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Go Directly to Jail: Punishing the Homeless for Being Homeless

Posted on Sep 10, 2015

By Bill Boyarsky

Bill Boyarsky

This is the second installment in a three-part series that Truthdig columnist Bill Boyarsky has written about homelessness.

Part 1: Why Ending Homelessness Is Political Poison

Part 3: Helping the Homeless in the Face of GOP’s Brutal Funding Cuts

The main Los Angeles County jails are less than two miles from Skid Row—within walking distance for the mentally ill and addicted homeless men who are arrested for petty offenses and then released back to the streets. Returning to Skid Row, they may be nailed by the police again for any number of offenses, such as jaywalking, refusing to move their possessions from the sidewalk, urinating in an alley or sleeping in a public place.

More than a third of Los Angeles’ homeless are mentally ill; a quarter are addicts; and 21 percent are victims of domestic violence. Many suffer from a combination of these and many other afflictions and traumas. (These figures are from a census conducted by volunteers under the direction of county and city officials.)


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This cruel revolving-door process—from streets to jail back to streets—is also a reality in other cities throughout the nation.

“People live in public spaces because they have no alternatives,” John Maceri, who leads Lamp Community—an organization that finds housing for the homeless—told me. “We keep perpetuating the same cycle over and over again. We have to stop punishing people for being poor and helpless.”

He added: “The vast majority ... are just trying to survive. Then to arrest them for that and to punish them seems very cruel.”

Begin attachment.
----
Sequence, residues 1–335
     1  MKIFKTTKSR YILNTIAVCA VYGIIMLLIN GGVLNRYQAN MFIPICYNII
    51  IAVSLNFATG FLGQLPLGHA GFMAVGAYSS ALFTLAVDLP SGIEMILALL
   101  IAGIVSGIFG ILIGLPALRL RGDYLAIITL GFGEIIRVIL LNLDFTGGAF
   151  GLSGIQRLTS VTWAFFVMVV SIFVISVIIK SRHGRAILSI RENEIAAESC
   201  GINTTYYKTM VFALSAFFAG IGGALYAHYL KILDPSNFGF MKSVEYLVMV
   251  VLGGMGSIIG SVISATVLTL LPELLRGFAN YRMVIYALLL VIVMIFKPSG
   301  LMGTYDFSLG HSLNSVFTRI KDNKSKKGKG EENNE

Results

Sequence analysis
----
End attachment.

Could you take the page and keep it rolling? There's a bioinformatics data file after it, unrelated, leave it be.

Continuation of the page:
As the National Law Center on Homelessness and Poverty pointed out in its report “No Safe Place: The Criminalization of Homelessness in U.S. Cities”: “There are some activities so fundamental to human existence that it defies common sense that they might be treated as crimes. Falling asleep, standing still, and sitting down, are all necessary actions for any human being’s survival. While these activities are unquestionably legal when performed indoors, more and more communities across the country are treating these life-sustaining behaviors as criminal acts when performed in public places by people with nowhere else to go.”

So bad is the situation that the U.S. Justice Department intervened in a case, arguing in a statement of interest that it is unconstitutional for a city to make it a crime for the homeless to sleep in public places.

Objecting to a Boise, Idaho, anti-camping ordinance, the department said that it “should be uncontroversial that punishing conduct that is a universal and unavoidable consequence of being human violates the Eighth Amendment (banning cruel and unusual punishment). … Sleeping is a life-sustaining activity—i.e. it must occur at some time in some place. If a person literally has no place to go, then enforcement of the anti-camping ordinance against that person criminalizes her for being homeless.”